Senate passes changes to school sex abuse laws
Thursday, April 7, 2011
School districts would have to inform the state within 24 hours when a teacher is accused of sexual misconduct involving a student and the state would oversee investigations of such claims under a measure the state Senate unanimously approved Thursday.
The bill, which next goes to the House, would also require districts that fire teachers in verified abuse cases to disclose the information to other districts that might be considering hiring such teachers. And teachers would be forbidden from communicating over the Internet with current or former students in ways that aren’t accessible to district administrators and the students’ parents.
“This bill provides a solution to the sexual misconduct problem in our schools and it ensures our families that their schools will be safer,” Sen. Jane Cunningham, who introduced the measure, said before Thursday’s vote. The legislation is backed by the state teachers union and the Missouri School Boards’ Association, which represents districts.
Missouri law forbids sexual contact between teachers and students on school grounds, regardless of whether the student older than the age of consent. The Senate bill focuses on whether such abuse is reported to the state and, if it is found to have happened, to other schools where the teacher could work.
Cunningham introduced the bill after a 2007 Associated Press investigation found that 87 licensed Missouri teachers lost their credentials between 2001 and 2005 because of sexual misconduct involving students. Teachers licenses are taken away by the State Board of Education, and the process takes a long time. The AP found that some teachers found to have engaged in sexual misconduct with students landed teaching jobs elsewhere in the state because the district that fired them didn’t pass on the information to the teachers’ new employers.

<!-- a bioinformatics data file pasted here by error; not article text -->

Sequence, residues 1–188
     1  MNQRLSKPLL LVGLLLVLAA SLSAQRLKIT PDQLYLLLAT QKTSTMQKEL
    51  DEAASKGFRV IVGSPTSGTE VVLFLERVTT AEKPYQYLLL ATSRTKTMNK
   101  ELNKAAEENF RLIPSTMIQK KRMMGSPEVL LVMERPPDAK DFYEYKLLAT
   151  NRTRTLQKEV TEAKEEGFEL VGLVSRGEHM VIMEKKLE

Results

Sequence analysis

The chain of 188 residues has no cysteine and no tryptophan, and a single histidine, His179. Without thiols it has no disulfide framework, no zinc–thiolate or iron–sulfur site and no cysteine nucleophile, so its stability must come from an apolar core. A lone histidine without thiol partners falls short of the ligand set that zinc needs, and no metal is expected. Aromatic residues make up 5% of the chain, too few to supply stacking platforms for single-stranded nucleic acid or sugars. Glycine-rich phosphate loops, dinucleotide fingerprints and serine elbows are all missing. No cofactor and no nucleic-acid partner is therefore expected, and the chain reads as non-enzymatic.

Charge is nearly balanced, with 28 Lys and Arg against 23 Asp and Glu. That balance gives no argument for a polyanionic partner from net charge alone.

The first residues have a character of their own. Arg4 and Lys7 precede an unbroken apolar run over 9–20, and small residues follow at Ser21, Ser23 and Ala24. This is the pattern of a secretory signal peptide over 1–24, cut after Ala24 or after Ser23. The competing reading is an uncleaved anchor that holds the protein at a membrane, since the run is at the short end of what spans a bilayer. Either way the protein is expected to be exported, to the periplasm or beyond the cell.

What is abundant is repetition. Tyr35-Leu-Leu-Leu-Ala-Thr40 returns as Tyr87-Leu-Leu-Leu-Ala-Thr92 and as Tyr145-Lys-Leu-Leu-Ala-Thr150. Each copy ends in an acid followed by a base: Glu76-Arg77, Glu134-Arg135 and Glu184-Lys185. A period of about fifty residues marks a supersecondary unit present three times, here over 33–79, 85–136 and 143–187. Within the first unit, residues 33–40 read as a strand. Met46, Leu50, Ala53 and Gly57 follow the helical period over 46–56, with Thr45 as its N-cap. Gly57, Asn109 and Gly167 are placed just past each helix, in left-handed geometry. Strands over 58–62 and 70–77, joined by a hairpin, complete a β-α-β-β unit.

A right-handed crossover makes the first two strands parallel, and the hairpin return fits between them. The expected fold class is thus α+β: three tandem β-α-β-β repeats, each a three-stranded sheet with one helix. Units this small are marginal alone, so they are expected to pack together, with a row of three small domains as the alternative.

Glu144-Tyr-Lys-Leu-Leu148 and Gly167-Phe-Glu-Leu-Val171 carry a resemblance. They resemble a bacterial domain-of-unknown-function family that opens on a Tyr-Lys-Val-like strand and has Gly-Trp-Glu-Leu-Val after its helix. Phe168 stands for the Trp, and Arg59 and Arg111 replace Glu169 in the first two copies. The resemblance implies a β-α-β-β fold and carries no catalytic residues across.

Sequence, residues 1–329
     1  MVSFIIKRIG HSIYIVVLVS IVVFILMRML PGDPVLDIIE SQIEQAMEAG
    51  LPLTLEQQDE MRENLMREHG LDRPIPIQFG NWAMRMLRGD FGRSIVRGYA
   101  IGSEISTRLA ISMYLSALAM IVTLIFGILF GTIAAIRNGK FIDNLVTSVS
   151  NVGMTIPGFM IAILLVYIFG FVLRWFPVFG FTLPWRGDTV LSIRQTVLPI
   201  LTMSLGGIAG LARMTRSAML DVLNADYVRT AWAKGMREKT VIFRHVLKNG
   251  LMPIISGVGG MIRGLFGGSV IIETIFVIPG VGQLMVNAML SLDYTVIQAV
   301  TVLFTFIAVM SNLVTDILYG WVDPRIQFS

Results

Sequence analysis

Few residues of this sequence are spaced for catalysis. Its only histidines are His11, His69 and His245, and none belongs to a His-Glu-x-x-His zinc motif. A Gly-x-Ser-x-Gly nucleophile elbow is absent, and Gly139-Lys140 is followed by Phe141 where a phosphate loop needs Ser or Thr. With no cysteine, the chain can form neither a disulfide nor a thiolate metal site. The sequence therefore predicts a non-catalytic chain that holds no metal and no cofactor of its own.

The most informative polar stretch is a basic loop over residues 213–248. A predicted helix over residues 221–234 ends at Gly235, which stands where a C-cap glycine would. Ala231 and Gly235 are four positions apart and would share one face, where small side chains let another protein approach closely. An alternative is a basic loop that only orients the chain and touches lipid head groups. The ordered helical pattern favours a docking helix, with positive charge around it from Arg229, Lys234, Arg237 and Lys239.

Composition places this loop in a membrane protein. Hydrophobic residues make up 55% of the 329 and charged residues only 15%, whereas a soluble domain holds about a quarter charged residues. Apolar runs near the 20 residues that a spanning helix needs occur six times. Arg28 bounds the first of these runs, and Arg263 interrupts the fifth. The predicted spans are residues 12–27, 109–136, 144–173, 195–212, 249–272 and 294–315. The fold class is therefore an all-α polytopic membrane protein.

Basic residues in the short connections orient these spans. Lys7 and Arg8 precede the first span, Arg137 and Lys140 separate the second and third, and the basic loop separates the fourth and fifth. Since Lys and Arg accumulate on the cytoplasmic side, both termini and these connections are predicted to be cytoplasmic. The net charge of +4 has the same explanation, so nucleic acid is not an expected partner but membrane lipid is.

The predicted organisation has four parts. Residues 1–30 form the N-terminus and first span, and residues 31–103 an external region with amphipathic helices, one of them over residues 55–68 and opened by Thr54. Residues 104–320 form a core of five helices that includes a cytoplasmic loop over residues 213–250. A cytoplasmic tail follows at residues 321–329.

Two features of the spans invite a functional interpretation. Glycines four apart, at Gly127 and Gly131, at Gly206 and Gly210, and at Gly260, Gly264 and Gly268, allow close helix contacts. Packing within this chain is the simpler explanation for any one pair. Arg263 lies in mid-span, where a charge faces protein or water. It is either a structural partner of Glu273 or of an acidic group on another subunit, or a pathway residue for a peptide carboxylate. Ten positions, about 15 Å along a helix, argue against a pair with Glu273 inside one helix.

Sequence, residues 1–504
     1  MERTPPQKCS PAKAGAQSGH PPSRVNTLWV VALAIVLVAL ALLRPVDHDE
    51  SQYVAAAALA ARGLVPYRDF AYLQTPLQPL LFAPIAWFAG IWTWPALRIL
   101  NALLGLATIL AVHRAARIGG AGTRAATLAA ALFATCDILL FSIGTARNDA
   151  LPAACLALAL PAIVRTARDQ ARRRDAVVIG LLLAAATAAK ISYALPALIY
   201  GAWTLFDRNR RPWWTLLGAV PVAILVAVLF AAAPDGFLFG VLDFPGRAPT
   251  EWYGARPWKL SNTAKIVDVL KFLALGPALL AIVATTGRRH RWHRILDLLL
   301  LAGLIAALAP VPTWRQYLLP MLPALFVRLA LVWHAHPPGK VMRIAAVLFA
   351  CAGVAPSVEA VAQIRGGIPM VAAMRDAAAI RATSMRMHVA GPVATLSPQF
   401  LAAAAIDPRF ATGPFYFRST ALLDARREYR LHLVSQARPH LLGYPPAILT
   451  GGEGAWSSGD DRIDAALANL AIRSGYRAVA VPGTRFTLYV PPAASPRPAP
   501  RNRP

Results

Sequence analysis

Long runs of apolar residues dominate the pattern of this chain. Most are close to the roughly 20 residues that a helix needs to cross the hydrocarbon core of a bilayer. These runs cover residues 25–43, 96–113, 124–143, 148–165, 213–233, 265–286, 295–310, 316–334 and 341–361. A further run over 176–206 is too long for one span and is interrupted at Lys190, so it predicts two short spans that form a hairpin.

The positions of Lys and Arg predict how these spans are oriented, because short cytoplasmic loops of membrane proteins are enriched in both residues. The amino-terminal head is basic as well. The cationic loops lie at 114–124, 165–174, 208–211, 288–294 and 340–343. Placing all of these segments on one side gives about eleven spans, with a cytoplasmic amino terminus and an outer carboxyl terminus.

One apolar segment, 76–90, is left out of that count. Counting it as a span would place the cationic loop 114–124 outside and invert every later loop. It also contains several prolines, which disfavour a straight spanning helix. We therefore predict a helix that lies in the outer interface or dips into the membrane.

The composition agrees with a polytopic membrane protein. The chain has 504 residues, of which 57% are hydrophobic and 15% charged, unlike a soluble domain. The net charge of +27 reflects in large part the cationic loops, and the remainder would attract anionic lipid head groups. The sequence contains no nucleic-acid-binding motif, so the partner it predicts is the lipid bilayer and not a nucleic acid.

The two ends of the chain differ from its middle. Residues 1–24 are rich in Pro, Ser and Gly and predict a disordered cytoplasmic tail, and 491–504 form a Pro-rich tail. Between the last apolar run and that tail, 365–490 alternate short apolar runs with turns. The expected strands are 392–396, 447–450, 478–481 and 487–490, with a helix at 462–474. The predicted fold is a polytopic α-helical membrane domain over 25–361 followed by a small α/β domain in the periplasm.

Brent Ghan, a spokesman for the Missouri School Boards’ Association, said some districts didn’t pass along the information out of fear that they would be sued by a teacher who was terminated by his or her new district based on that information.
Under the legislation passed Thursday, districts could not be held liable if one of their teachers is found to have engaged in sexual misconduct with a student, as long as the district told the state about the allegation within 24 hours of learning about it. Districts that fail to convey such information could be found partially liable for sexual abuse the teacher commits in his or her new district.
“There’s really no other reason not to pass that along to other districts,” Ghan said. “Nobody wants to see someone who’s been involved with this kind of misconduct go to work anywhere in the state.”
Mike Wood, a lobbyist for the Missouri State Teachers Association, said the teachers union supports the current legislation because teachers would be presumed innocent until proven guilty based on evidence.
The union opposed previous failed legislation because it would have required teachers to disprove abuse allegations, he said.
“That was a big hurdle for us to get over in supporting the bill,” he said.
The legislation passed Thursday would also require that schools report allegations of child abuse to the state within 24 hours. Those allegations would have to be investigated by the state, not by the schools.
It also would create a task force aimed at preventing child sex abuse. That task force, made up of lawmakers and state child welfare officials, would have to produce a report on ways to prevent such abuse by January 2013.